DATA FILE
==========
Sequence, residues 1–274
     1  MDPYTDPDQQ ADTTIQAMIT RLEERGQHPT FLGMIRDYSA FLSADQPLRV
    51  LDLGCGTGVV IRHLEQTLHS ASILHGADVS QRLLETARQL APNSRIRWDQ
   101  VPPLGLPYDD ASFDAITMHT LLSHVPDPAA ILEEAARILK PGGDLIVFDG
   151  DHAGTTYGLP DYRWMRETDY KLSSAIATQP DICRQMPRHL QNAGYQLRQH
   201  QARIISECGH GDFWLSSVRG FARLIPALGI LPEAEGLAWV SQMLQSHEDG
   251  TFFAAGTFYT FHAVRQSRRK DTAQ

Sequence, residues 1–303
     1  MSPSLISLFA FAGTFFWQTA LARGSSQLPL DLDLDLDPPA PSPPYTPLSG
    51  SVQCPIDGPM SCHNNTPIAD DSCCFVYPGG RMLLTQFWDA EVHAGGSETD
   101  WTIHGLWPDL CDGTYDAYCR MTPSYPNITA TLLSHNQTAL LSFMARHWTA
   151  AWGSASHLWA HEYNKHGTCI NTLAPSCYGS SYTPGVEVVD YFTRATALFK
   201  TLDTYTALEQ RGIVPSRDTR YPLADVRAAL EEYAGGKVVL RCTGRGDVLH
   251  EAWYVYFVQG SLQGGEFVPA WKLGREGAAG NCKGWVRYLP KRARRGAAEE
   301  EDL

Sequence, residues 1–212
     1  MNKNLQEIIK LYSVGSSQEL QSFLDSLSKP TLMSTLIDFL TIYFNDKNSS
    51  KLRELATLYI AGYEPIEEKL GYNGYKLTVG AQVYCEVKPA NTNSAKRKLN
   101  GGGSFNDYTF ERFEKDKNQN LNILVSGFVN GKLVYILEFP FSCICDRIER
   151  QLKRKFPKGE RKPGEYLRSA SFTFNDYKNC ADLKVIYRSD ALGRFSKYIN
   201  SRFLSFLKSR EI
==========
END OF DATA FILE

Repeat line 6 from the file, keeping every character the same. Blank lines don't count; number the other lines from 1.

   201  QARIISECGH GDFWLSSVRG FARLIPALGI LPEAEGLAWV SQMLQSHEDG